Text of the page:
Read-option plan: Hit the quarterback

September, 3, 2013
9/03/13
11:35
AM ET
GREEN BAY, Wis. -- Earlier this summer, in our Green Bay Packers' Camp Confidential, we discussed how much time defensive coordinator Dom Capers has spent working against the read-option offense.

At least a portion of almost every training camp practice was dedicated to defending the scheme that caught the Packers off guard in last year’s 45-31 playoff loss at San Francisco, where the Packers allowed 579 yards (including an NFL-quarterback rushing record of 181 yards by Colin Kaepernick). Capers and his staff implemented what they learned during a pair of offseason study sessions with college coaches, at Texas A&M and Wisconsin, who had more experience with that scheme.

Matthews
Certainly, there are many complexities to defending the read-option.

But listening to Packers OLB Clay Matthews Monday on ESPN Radio’s Mike & Mike it might be as simple as hitting the quarterback. So expect to see the Packers take as many shots as possible on Kaepernick during Sunday’s regular-season opener at Candlestick Park.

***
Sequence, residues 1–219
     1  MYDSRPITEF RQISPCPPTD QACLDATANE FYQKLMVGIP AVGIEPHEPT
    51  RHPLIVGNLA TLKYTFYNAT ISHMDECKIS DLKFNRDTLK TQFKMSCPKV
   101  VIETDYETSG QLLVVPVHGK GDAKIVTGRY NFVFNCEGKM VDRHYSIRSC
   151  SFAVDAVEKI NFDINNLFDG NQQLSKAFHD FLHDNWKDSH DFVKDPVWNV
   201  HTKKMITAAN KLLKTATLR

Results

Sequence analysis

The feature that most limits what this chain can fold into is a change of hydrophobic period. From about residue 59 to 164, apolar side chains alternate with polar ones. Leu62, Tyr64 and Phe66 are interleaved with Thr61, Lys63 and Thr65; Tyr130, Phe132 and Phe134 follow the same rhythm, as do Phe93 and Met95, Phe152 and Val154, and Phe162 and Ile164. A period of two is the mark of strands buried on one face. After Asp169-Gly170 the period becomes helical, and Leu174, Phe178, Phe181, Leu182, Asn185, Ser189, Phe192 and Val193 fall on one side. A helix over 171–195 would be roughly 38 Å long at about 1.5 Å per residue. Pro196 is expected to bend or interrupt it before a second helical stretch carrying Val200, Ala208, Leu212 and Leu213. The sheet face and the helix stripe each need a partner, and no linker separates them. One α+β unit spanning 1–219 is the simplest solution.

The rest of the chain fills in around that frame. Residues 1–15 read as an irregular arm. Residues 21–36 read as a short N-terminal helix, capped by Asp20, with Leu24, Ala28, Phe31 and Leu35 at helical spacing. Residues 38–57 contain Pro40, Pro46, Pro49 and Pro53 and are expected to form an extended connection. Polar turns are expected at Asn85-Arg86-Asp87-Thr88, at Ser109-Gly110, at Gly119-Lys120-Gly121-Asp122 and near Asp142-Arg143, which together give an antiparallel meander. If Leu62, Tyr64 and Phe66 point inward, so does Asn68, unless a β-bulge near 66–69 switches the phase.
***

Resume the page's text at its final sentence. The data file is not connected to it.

“One of the things that the referees have told us is that when these quarterbacks carry out the fakes, they lose their right as a quarterback, a pocket-passing quarterback, the protection of a quarterback,” Matthews said on Mike & Mike. “So with that, you do have to take your shots on the quarterback, and obviously they’re too important to their offense. If that means they pull them out of that type of offense and make them run a traditional, drop-back, pocket-style offense, I think that’s exactly what we’re going for. So you want to put hits as early and often on the quarterback and make them uncomfortable.”

As has been discussed at length, the Packers are expecting to see a heavy dose of read-option offense the first two weeks of the season with Kaepernick this week and Washington’s Robert Griffin III in Week 2.

“I can tell you right now, we started from Day 1 in OTAs when we came back in the offseason working on this read-option, pistol, fake offense for lack of a better term,” Matthews said. “We’ve definitely been working on it. You see this trend with quarterbacks you mentioned, Kaepernick, RGIII, (Seattle’s Russell) Wilson, so it’s around the league now. It’s definitely a part of offenses, so it’s something to have in our defensive game plan, something to game plan for. We’ve been working on it, especially after what we saw last year in the playoffs specifically and then opening up the season with two of these quarterbacks. We’re ready. We feel good about it.”

Rob Demovsky

ESPN Green Bay Packers reporter

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